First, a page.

15 January 2020 (closed)
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In our previous column we have already explained that dispute resolution for labor disputes in Indonesia generally follows three general steps, i.e. bipartite dispute resolution, tripartite dispute resolution and dispute resolution of labor disputes through the industrial relations court (Labor Court). In the column of this week we take a closer look at the rules and procedures governing the bipartite dispute resolution. The employer and employee in Indonesia are required to perform this bipartite negotiations, before the dispute is being resolved through e.g. mediation or court.
Bipartite Dispute Resolution in Legislation
Provisions regarding bipartite dispute resolution are set out in article 3 of Law number 2 of 2004 on Industrial Relations Dispute Settlement and its implementing regulation from the Ministry of Manpower and Transmigration number PER.31/MEN/XII/2008 on Guidelines for Industrial Relations Dispute Settlement through Bipartite Negotiation.
Stages of Bipartite Dispute Resolution
Generally the bipartite dispute resolution can be divided into three stages:
Stage 1: preparation stage before negotiations start
In this stage the aggrieved party should take the initiative to communicate to the other party regarding its intention to resolve the dispute through negotiations. The parties also appoint their representatives for the negotiations. Employers must handle the dispute directly and employees may provide a proxy to the labor union to accompany them in the negotiations.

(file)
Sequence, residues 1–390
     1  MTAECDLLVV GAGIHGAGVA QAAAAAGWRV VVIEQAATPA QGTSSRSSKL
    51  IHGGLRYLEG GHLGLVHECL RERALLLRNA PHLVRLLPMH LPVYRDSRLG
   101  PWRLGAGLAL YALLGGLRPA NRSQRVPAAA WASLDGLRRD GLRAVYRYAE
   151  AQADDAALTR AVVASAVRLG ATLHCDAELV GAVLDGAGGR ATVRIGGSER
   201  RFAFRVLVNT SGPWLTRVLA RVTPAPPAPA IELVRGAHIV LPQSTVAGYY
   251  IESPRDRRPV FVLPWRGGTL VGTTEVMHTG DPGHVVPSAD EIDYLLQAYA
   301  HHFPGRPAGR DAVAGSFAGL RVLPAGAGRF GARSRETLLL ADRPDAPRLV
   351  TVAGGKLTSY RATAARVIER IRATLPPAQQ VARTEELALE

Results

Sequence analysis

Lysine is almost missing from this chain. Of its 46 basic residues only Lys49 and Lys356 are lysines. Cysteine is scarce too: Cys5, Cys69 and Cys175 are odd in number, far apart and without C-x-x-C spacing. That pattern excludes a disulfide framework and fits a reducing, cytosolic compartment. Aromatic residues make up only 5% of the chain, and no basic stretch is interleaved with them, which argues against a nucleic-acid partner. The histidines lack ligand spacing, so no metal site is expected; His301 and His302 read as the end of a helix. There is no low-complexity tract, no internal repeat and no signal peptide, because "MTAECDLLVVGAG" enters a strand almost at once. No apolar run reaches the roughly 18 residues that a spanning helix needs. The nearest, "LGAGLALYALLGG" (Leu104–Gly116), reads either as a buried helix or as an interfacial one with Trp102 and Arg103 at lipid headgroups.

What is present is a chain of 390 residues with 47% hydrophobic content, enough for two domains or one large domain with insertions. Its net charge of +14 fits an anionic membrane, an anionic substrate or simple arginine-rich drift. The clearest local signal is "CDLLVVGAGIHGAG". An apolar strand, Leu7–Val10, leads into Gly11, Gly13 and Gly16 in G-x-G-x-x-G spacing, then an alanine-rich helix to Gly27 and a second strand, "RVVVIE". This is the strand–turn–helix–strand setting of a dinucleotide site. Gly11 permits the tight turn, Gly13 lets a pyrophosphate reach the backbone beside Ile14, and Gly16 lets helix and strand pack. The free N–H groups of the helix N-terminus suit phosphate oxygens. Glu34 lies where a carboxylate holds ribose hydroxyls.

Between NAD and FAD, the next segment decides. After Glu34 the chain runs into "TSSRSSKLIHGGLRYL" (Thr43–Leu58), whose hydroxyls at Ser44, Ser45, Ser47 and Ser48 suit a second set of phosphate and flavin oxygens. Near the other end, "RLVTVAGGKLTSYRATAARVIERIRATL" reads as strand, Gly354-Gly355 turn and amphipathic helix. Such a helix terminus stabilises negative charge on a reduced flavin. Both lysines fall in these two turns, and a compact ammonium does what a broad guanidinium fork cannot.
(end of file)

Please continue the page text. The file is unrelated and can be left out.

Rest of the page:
Stage 2: negotiation stage
In the negotiation stage the parties in dispute first have to identify and inventorize all problems which lead to the dispute between the parties. Based on that the parties will draft a Code of Conduct (tata tertib) for the bipartite negotiations and the timetable for negotiations. The negotiations between the parties are performed in accordance with the aforementioned documents. For each time the parties meet to negotiate the dispute meeting minutes (risalah) must be prepared, which must be signed by both parties.
Generally the bipartite negotiations take maximum 30 working days. However the parties in dispute may agree to extend such period. The legislation does not set a time limit to such extension.
Stage 3: post negotiation stage
This stage encompasses the handling of the result of bipartite negotiations as follows:
1. in case the parties reach an agreement, then a Collective Agreement is made which is signed by the parties and registered in the Industrial Relations Court in the District Court;
2. if the negotiations fail then one or both parties record the dispute to the government agency, by attaching evidence that remedies through bipartite negotiations have been conducted.
This column is provided by PNB Law Firm Jakarta